"Why, what's the matter with him?" I asked Alicia in utter bewilderment.

"Sh!" said Alicia, with her finger on her lip. "Don't pay any attention to him!"

"But what has happened?" I cried, looking again at the outcast on the top step.

"Sh!" said Alicia. "Come in and get your lunch. He's only listening."

Looking once more at Fido, I saw indeed that he had one of his ears turned back toward us, and from his attitude of strained attention it was evident that he was closely following our conversation. Feeling that I was looking at him, he turned his head for a moment to verify his suspicions, and then gazing out at the scenery again he gave his fat old back such a frightfully dejected appearance that I could hardly have been more surprised if Fido had burst into tears.

"Don't mind him, Edward!" repeated Alicia in a whisper, "but come on in and get your lunch. It's ready and waiting."

And she made such a bright and pleading little figure in her blue dress and her embroidered apron (the one with the three pockets and the thimble-holder) that for the moment I forgot the incomprehensible conduct of Fido, and went into the house.

"Now, that's funny!" I suddenly exclaimed, putting down my bouillon cup the better to express my growing amazement.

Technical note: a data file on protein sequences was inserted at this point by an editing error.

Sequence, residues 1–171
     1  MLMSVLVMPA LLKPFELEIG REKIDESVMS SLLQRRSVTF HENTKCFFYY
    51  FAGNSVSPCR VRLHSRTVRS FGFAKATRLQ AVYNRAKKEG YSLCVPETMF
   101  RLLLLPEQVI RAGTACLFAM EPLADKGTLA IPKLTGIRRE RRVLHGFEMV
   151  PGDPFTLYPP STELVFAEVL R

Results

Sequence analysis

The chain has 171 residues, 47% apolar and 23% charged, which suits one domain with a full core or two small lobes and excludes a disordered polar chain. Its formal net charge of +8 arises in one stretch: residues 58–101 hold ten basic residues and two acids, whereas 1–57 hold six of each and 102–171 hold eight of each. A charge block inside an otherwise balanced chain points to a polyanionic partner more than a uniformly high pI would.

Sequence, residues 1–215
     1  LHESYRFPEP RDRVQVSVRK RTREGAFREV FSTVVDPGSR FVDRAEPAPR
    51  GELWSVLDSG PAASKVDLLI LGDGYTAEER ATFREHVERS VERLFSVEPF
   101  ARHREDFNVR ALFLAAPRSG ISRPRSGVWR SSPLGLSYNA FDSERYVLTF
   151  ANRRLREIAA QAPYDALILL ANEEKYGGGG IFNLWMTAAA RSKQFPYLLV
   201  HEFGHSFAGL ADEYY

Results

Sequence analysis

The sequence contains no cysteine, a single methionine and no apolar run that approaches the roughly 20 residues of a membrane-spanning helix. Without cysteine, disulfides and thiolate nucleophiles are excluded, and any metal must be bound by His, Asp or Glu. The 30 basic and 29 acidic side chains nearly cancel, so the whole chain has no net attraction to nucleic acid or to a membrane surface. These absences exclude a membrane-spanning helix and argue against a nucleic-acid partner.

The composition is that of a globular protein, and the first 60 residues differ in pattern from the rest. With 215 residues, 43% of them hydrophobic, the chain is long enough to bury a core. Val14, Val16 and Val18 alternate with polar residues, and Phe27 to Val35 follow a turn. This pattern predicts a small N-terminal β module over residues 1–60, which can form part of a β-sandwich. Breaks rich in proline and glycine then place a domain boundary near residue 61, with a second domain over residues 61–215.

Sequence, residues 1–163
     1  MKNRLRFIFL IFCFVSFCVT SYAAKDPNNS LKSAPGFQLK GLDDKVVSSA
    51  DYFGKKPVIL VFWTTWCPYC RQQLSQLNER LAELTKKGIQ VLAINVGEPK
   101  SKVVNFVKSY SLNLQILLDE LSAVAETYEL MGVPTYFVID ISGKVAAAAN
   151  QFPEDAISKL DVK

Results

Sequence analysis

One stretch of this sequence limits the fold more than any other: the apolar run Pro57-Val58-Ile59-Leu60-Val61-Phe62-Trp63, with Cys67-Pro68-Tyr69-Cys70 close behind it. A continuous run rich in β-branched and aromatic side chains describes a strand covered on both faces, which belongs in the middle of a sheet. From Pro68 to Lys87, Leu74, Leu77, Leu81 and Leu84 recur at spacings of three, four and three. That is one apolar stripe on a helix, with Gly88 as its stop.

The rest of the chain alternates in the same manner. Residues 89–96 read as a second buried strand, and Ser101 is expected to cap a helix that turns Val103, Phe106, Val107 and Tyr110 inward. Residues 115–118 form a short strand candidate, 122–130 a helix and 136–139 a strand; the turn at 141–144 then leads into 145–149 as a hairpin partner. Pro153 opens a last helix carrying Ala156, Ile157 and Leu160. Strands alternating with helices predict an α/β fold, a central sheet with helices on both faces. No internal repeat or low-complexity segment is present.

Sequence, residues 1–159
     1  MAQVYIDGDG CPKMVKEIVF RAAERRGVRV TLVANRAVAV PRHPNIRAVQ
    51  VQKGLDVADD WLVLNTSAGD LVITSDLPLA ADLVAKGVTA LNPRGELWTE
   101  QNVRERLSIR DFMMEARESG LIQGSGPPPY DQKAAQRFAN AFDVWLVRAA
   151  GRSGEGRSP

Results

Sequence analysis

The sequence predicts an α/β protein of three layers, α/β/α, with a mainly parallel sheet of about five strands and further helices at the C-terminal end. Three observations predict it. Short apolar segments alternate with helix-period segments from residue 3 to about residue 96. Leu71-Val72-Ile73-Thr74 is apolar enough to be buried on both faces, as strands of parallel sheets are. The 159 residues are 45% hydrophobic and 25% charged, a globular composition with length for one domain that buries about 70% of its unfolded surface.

"What's funny, Edward?" asked Alicia, and she peeped brightly around the center vase to see. "What's funny?"

"Why," I cried (with the air Of a man who can feel the foundations of his home being swept from under him), "Peter isn't here, either!"

Peter is our glossy black cat (Alicia has raised him from a kitten), and never before (except on two unavoidable occasions when he had been nursing the honorable wounds of battle) had I known Peter to absent himself from the dining-room when there was the least indication or promise of food upon the table.

"Oh, I wouldn't worry about Peter, Edward," said Alicia, retreating behind the center-piece, her little face as pink as the roses in the vase. And (peeping around again) she completely changed the subject by adding, "Do have another cup of bouillon, Edward! Do!"